Conversation Hypnosis as Another Way to Persuade
Igor Ledochowski is using the English language to affect your buying habits and get you to buy and politicians have jumped on the bandwagon to use this methodology to get past the conscious thinking process of the public.
Ambiguities of human speech are manipulated to confuse and bypass the conscious mind. When this doorway to your inner mind is opened, you can be lead in almost any direction desired. Similar techniques are espoused in books like Unlimited Selling that give you a complete blueprint on how to manipulate a person’s mind to get them to buy. This is the same (albiet modified) technique used by men of a certain character in an attempt to seduce unsuspecting women in bars.
Apple has taken Seth’s model and is using it to create a complete product ecosystem that makes people dependent on Apple and their products and like a real ecosystem, you are in a sealed environment that shows you only what the creators of that ecosystem want you to see and experience.
Apple has taken Seth’s model and is using it to create a complete product ecosystem that makes people dependent on Apple and their products.
Hardware, software, media content, and even your finances are all part of Apple’s customer product ecosystem. It has garnered millions in sales as customers flock around Apple’s keynote events, stores that are specially designed to get you to buy, and even your iPhone helps Apple in the persuasion and selling process with built in tracking settings. Another example is Amazon’s Dash device. With one click of a button, you can order a specifically curated item from their store without ever having to place the order online. The technology that puts a button to order a product in the hands of a consumer to order anywhere makes the prime retail space in the grocery store shelves look amateurish (image below courtesy of amazon.com website. All rights reserved).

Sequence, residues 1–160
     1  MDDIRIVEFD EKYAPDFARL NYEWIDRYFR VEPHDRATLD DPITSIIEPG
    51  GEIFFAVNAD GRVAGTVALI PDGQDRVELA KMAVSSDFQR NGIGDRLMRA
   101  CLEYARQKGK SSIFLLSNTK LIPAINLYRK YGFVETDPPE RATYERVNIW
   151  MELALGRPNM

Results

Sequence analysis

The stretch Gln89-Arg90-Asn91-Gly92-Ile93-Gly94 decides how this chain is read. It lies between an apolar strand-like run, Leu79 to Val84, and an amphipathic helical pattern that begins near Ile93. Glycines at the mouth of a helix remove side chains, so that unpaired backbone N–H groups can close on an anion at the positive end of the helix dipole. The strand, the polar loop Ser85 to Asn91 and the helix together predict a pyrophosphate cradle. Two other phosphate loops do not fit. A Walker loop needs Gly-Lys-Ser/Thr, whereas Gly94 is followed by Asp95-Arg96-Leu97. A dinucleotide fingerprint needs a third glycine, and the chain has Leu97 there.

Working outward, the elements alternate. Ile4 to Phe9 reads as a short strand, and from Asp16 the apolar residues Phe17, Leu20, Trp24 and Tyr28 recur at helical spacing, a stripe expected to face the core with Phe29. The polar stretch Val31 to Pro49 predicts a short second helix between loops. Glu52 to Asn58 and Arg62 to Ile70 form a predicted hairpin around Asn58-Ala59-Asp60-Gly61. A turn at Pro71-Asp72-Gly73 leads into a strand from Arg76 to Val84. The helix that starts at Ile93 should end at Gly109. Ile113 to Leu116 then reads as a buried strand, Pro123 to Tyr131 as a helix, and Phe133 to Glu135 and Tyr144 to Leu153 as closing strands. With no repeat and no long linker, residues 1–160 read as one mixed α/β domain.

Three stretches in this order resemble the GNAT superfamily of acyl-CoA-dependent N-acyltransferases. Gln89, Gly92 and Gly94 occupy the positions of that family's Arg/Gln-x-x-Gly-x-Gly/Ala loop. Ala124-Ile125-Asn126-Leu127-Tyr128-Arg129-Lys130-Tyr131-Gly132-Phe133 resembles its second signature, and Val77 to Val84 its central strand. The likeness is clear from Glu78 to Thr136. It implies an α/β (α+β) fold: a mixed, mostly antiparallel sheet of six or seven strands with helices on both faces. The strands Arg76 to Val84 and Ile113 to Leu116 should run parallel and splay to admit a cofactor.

Chips designed to take the consumer’s decision-making out of the buying equation and letting them click to order has become the new shopping paradigm.
This has been a long time coming
Eugene Swartz showed that as little as 10 words create a picture in a person’s mind. From there string the pictures together leads to mind down a path that the creator of those images desires. In his seminal book, Breakthrough Advertising he lays it out for you and today this book is sought after and studied by anyone who wishes to influence customers and persuading them to buy.
The Bottom Line
Sure, there are many ways in which advertising is persuading us into at least thinking about a particular brand or topic. In the long run, it is we who are opening ourselves up to marketers and giving them the power to influence. Being mindful of the techniques employed by advertisers will help you better understand how you are being manipulated and whether or not you want to go along for the ride or disengage altogether.
Learning about these methods for yourself increases awareness whether you are sales-focused or are a consumer who wants to be better informed. By knowing the trigger mechanisms in marketing, you put the power squarely in your hands.
To that end, here’s a list of references that offer valuable insight into this fascinating world:
- Permission Marketing, Turning Strangers into Friends, and Friends into customer, Seth Godin
- Street Hypnosis, Igor Ledochowski
- The Robert Collier Letterbook, Robert Collier
- Seven Steps to Freedom, Ben Suarez
- No B.S. Marketing, Dan Kennedy
- Tested Advertising Methods, John Caples
- Breakthrough advertising, Eugene Schwartz